At the completion of the COMPACAF tour of Wake Island, we paid our respects at the U.S. Marine Corps memorial and posed for a group shot. Several of us took a few more minutes to pause at the three other memorials that commemorate the war dead: the American contractors, Guamanian Pan Am employees, and the Japanese, whose capture of Wake was costly indeed.
After a couple of wonderful days exploring Wake in the company of Karlene Leeper, Cultural Resources Manager and archeologist for the 611th ASG, and my friend Barbara Bowen, QC Safety Manager for the base operations contractor on Wake, it was time to step into high gear when the general’s C-17 arrived. Having rehearsed and fine-tuned the facilities and historical tour for the following day, it was a pleasure to join in the afternoon’s recreational activities. I chose the diving trip (grateful to Wake’s Maureen Raleigh for agreeing to be my dive buddy) and was delighted by the excellent company of divers and the awesome experience. I’ll never forget the moment when we approached the edge of the reef at about eighty feet and I peered over into the deep blue.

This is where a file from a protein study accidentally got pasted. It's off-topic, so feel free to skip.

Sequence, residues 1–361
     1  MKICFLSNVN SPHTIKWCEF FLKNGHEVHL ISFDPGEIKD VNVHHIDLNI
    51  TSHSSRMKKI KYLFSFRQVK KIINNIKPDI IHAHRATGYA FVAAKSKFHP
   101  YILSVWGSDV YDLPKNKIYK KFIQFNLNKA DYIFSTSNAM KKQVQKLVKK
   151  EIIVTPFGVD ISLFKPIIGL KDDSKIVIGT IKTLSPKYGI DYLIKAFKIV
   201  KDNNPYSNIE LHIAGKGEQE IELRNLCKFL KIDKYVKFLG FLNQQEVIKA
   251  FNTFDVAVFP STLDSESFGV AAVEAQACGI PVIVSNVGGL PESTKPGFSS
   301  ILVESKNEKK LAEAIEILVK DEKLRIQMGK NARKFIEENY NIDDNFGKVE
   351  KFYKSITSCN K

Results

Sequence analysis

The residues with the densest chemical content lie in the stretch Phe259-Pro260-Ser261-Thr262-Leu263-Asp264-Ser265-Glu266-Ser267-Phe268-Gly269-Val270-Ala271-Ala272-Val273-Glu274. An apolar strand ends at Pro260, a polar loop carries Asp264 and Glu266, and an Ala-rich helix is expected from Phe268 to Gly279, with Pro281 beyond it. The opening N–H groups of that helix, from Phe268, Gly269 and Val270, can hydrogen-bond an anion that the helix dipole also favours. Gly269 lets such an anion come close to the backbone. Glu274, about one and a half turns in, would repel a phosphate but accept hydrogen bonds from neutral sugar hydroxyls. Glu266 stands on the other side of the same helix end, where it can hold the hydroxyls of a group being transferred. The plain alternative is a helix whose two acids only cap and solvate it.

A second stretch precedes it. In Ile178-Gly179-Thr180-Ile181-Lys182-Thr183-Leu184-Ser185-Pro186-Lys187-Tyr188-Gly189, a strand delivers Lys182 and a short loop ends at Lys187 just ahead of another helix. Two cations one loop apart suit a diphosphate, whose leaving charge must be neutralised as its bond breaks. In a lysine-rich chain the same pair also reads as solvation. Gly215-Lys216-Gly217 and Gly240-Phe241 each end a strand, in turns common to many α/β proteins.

The Wake Island Tour took most of the last day as we visited key departments and facilities including power and water treatment plants, industrial shops, base operations, and historical sites. USAF Major Tammy Dotson, commander of Wake, led the tour with a capable hand. The professionalism and hospitality shown by the contractor employees and staff at every stop was impressive. Throughout the tour I was also heartened by the keen interest in Wake’s wartime history and was honored to share it with the guests.
The conclusion of the tour at Memorial Row marked the end of my visit as we were returning to Joint Base Pearl Harbor-Hickam on the general’s plane: bags were loaded and engines warming up. The sudden goodbye to Wake Island and my friends brought tears to my eyes, but they dried quickly when General North invited me to sit in the cockpit of the C-17 on departure. My eyes locked onto the impossibly blue lagoon as we taxied down the end of the two-mile runway and turned for takeoff. A pause, a long breath, and just like that, Wake was gone.